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LONDON: The dollar touched a one-week high against the yen on Wednesday, boosted by a jump in Treasury yields and investor expectations for a rebound in Chinese growth as COVID-19 curbs loosen.

Meanwhile, the pound headed towards its largest one-day rise against the dollar in two weeks as UK markets reopened after a long weekend.

Gilts, which have not traded since Friday, came under pressure in line with a sell-off in global government bonds the previous day, which pushed yields up and further supported the pound.

The yen also eased after the Bank of Japan signalled that a surprise policy shift last week did not mark the start of a broader withdrawal of monetary stimulus.

The dollar rallied by as much as 0.67% to 134.40 in Asian trading, the most since Dec. 20, when the BOJ sent the pair spiralling lower with an unexpected loosening of the 10-year Japanese government bond yield policy band.

That day the yen staged its biggest one-day rally against the dollar in 24 years, closing 3.8% higher, as traders speculated about an eventual unwinding of stimulus.

But a summary of opinions from the meeting, released Wednesday, showed policymakers backing a continuation of ultra-accommodative policy, even as they discussed growing prospects for higher wage growth and sustained inflation next year.

“It basically confirmed that the BOJ surprise from last week was a one-off, but from a longer-term viewpoint nobody believes it,” said Osamu Takashima, head of G10 FX strategy at Citigroup Global Markets Japan.

Takashima expects expects the dollar to weaken past 130 yen in the second half of next year and said the current strength in the dollar against the Japanese currency was likely to be temporary, given the rise in U.S. government bond yields.

The 10-year Treasury yield hit a six-week high of 3.862% the previous day. The higher the yield, the more it tends to lift the dollar against other currencies, especially the yen, which is one of the lowest-yielding in the world.

Throwing a spanner in the works for markets in the final weeks of the year is China’s rapid dismantling of the strict zero-COVID policies that have severely hampered its economy for nearly three years.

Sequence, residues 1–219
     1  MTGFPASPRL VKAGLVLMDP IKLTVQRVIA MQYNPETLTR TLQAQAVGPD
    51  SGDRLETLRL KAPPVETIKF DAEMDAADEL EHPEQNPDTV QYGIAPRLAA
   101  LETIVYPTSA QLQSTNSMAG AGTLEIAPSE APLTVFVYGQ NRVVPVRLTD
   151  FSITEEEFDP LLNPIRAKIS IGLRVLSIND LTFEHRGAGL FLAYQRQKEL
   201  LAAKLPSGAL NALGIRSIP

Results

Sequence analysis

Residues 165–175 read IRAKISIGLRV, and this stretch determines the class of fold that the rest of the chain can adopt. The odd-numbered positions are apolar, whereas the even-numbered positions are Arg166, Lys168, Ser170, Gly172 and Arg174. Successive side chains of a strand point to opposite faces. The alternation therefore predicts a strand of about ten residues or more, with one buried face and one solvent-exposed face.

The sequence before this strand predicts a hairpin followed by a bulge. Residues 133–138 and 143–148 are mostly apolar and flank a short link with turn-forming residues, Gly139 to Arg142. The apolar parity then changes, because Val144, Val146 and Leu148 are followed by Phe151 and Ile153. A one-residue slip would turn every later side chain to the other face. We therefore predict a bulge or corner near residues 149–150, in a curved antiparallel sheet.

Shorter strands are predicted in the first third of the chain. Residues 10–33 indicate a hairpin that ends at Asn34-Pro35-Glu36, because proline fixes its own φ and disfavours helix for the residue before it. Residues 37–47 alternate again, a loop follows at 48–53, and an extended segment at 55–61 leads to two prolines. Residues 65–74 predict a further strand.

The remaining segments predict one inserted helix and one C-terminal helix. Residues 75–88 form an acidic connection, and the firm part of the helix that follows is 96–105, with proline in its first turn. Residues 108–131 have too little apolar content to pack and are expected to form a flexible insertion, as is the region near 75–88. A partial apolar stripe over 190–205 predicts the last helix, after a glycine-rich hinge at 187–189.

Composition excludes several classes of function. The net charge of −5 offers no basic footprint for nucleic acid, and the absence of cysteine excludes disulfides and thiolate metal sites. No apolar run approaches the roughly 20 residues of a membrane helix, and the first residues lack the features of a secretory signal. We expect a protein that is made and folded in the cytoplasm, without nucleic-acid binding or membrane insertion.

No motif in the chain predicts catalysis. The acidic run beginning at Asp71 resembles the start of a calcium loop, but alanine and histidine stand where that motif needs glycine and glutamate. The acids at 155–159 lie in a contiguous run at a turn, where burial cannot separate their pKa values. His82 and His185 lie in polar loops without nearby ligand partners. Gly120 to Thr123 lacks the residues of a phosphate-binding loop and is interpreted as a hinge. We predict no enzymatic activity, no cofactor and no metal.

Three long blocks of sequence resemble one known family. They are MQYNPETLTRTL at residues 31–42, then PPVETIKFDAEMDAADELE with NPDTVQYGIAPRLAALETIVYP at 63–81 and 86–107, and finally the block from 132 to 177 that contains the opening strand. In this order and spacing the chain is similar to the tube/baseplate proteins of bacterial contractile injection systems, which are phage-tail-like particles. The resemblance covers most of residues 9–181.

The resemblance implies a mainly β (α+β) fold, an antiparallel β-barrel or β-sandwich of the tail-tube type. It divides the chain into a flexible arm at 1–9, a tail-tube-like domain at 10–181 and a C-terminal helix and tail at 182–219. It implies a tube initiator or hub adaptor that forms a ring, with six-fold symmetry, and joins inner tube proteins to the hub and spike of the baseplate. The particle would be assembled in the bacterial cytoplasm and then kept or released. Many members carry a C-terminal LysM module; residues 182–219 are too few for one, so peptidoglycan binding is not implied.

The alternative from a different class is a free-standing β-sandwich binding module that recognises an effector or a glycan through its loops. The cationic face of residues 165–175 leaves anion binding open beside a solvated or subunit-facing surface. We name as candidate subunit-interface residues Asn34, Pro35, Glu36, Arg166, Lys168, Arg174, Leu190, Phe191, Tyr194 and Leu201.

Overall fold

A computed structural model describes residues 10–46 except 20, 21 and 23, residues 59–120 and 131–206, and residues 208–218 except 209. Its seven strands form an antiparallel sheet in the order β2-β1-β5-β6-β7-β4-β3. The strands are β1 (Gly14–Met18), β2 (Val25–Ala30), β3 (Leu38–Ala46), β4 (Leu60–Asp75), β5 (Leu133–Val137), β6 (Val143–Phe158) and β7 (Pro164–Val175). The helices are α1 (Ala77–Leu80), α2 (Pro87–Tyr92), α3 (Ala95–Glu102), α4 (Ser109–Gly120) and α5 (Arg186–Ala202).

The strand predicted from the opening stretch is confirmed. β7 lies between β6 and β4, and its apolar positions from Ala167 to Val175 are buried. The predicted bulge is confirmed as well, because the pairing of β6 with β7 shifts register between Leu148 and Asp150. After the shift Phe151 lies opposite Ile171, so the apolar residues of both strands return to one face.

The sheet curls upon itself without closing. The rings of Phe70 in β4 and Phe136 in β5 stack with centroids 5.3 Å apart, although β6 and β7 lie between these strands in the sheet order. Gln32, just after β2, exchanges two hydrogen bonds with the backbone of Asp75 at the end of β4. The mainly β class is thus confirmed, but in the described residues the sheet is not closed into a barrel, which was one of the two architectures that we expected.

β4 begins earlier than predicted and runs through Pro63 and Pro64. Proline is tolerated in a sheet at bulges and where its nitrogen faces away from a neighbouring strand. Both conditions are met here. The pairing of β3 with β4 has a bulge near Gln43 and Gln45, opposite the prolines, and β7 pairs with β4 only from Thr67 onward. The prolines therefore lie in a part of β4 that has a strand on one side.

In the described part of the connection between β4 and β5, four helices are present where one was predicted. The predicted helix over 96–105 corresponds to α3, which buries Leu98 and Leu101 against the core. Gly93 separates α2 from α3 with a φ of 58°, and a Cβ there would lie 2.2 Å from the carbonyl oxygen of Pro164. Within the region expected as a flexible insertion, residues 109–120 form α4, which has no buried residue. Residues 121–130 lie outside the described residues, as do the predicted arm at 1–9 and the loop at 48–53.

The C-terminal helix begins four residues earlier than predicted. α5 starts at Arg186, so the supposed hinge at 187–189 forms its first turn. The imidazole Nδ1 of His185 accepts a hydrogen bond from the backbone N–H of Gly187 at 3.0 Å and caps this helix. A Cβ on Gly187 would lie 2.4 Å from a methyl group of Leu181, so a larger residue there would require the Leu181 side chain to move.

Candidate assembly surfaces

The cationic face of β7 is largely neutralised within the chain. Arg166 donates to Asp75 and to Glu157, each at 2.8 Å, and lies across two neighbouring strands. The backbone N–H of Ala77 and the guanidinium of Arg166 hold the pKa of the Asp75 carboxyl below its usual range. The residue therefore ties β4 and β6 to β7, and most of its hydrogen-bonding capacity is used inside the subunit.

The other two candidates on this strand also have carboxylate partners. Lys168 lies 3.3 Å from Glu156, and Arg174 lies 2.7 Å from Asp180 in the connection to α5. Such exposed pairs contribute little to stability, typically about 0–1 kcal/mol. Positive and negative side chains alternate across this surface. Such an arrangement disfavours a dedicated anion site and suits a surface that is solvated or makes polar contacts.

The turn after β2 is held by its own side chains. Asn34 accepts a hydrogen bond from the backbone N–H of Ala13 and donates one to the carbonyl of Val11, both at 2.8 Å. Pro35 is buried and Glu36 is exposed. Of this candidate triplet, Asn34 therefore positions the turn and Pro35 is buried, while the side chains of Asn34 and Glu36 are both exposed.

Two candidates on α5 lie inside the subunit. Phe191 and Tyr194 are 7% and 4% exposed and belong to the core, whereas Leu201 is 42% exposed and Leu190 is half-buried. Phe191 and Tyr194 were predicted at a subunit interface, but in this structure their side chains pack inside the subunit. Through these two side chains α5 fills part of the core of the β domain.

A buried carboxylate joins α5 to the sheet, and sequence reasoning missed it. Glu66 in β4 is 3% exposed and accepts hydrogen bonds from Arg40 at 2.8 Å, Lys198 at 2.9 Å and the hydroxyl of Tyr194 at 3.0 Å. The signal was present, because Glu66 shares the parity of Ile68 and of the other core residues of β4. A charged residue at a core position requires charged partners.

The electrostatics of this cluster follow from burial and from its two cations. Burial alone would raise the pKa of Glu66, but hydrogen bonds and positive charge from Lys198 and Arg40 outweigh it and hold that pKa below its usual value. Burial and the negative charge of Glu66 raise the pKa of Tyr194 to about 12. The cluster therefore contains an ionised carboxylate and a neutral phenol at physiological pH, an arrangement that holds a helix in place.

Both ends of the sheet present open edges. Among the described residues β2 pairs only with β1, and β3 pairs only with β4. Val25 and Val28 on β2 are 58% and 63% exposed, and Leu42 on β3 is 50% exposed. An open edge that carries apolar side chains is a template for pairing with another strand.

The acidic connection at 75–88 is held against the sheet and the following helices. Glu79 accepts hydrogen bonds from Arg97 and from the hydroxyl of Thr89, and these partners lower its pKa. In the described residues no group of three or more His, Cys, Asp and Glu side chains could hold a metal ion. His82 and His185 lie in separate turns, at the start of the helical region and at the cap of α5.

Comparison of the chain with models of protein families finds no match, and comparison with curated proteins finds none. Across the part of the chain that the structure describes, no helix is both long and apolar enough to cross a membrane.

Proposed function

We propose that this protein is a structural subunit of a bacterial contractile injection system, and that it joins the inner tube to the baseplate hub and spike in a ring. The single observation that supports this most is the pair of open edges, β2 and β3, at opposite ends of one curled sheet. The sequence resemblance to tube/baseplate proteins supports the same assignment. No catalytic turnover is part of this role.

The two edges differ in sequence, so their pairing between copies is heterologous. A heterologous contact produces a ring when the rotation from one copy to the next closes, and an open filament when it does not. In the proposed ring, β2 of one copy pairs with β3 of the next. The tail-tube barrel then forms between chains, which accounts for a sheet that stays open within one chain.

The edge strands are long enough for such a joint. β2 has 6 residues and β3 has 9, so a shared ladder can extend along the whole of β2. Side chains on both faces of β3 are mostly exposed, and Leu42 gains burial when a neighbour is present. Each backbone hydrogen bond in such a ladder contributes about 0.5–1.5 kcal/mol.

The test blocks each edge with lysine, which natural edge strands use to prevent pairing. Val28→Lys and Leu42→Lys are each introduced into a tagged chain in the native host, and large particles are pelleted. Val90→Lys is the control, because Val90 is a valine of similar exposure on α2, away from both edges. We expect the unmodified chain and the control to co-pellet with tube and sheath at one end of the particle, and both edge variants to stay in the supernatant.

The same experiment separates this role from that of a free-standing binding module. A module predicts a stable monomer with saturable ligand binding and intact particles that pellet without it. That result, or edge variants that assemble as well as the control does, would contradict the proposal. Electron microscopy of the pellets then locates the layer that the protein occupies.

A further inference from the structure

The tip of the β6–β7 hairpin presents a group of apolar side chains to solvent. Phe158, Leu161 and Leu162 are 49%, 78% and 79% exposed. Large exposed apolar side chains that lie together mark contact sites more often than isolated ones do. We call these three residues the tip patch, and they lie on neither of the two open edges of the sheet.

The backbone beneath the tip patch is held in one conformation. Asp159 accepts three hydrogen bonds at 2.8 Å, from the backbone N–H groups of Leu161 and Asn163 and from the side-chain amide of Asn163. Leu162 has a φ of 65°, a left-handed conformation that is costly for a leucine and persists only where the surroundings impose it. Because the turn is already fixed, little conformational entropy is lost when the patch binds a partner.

Investors are having to reconcile the pick-up in economic activity as China’s consumers and businesses return to some kind of normality with the impact of a surge in infections.

“With infection levels running at many thousands per day, it’s little wonder that China’s COVID response should top many analysts’ list of concerns about 2023,” said DailyFX analyst David Cottle.

The dollar index, which measures the U.S. currency against six major rivals, eased 0.1% to 104.07. It hit a six-month low of 103.44 two weeks ago, when the Federal Reserve slowed the pace of its increases to interest rates.

Fed officials including Chair Jerome Powell though have emphasised since then that policy tightening will be prolonged, with a higher terminal rate, fueling worries of a U.S. slowdown.

“The dollar is in a very interesting situation,” said Bart Wakabayashi, a branch manager at State Street in Tokyo.

“If we have a recession in the U.S., the Fed will have to cut rates, and obviously you will want to sell the dollar,” he said. “At the same time, if there’s a global recession, people will buy the dollar as a haven. So the dollar is in a bit of a conundrum, and you have to be really careful what currency you’re buying or selling against.”

Sterling rose by as much as 0.53% against the dollar to $1.2095, heading for its largest-one day rise in two weeks. Against the euro, the pound was up 0.41% at 88.08 pence.

The euro firmed by 0.1% to $1.06515, having traded steadily around six-month highs in the couple of weeks since European Central Bank President Christine Lagarde said that rate hikes would need to continue.

The Australian dollar rose 0.91% to $0.6795 while the New Zealand dollar strengthened by 0.95% to $0.633.

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